Your doctor can give more specific recommendations for you personally, depending on your health and age.
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8. Eating too many doughnuts
Did you know that eating too much sugar can actually kill you? The added sugars present in foods like doughnuts, potato chips, and frozen dinners are probably fine to eat in moderate amounts. Eating massive amounts of sugar every day isn’t good for your heart, your brain, or your hopes of living past 100.
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9. Sitting for more than 2 hours at a time
Do you spend extended periods of time sitting? You’re at risk for more serious health problems than just gaining weight. It’s bad for your heart and other muscles, and it’s not hard to reverse this habit. Make it a point to get up and walk around for five or 10 minutes, at least once every hour.
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10. Watching TV for more than 2 hours a day
Can watching TV kill you? Maybe. Maybe not. But related to the health problems associated with sitting, sitting for hours in front of a screen can increase your disease risk. It might help if you do other, mentally or physically stimulating activities with the TV on in the background, like cooking or exercising.
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11. Exercising less than 150 minutes every week
You don’t have to spend hours on your feet day in and day out in order to stay fit. The American Heart Association recommends just 150 minutes of exercise weekly — about 30 minutes of activity, five days each week — to maintain optimal health.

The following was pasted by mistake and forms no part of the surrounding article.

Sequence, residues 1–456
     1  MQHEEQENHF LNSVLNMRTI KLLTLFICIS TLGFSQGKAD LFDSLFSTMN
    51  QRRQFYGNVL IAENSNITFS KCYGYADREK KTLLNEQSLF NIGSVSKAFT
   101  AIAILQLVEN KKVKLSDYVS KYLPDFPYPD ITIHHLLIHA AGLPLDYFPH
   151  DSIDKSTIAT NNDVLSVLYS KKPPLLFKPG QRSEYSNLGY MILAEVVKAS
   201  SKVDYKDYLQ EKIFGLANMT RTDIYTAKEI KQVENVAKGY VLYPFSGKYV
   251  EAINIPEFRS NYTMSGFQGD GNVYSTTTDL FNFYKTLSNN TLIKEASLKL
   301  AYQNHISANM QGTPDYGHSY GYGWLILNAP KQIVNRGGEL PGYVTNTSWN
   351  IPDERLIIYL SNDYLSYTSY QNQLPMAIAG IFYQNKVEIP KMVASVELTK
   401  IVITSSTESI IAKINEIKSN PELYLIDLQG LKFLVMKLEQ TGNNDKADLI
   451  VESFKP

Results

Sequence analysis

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12. Eating more calories than you burn
Overeating — regardless of the type of food — increases your risk of some of the country’s deadliest diseases, including heart disease, type 2 diabetes, and cancer. Even if you exercise regularly and eat mostly healthy foods, eating too much still has the potential to lead to an early death.
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13. Walking past the produce section at the supermarket
Don’t miss out on the many health benefits of produce. Fruits and vegetables contain large amounts of antioxidants and other minerals essential for staying healthy, especially as you get older. Try to have a serving at every meal.
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14. Smoking cigarettes
Cigarettes aren’t just damaging to your lungs. Smoking them regularly also increases your risk of dying from heart disease. Your risk decreases the less you smoke, and even if you’ve been doing it for years, quitting now can still help save your life.
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15. Avoiding fish and other ‘fatty’ foods
People who follow the Mediterranean diet, which includes foods such as fish and nuts, have been shown to live longer and experience lower rates of age-related diseases like dementia. You should monitor your saturated fat intake, but you can be more lenient with your “healthy” fat choices.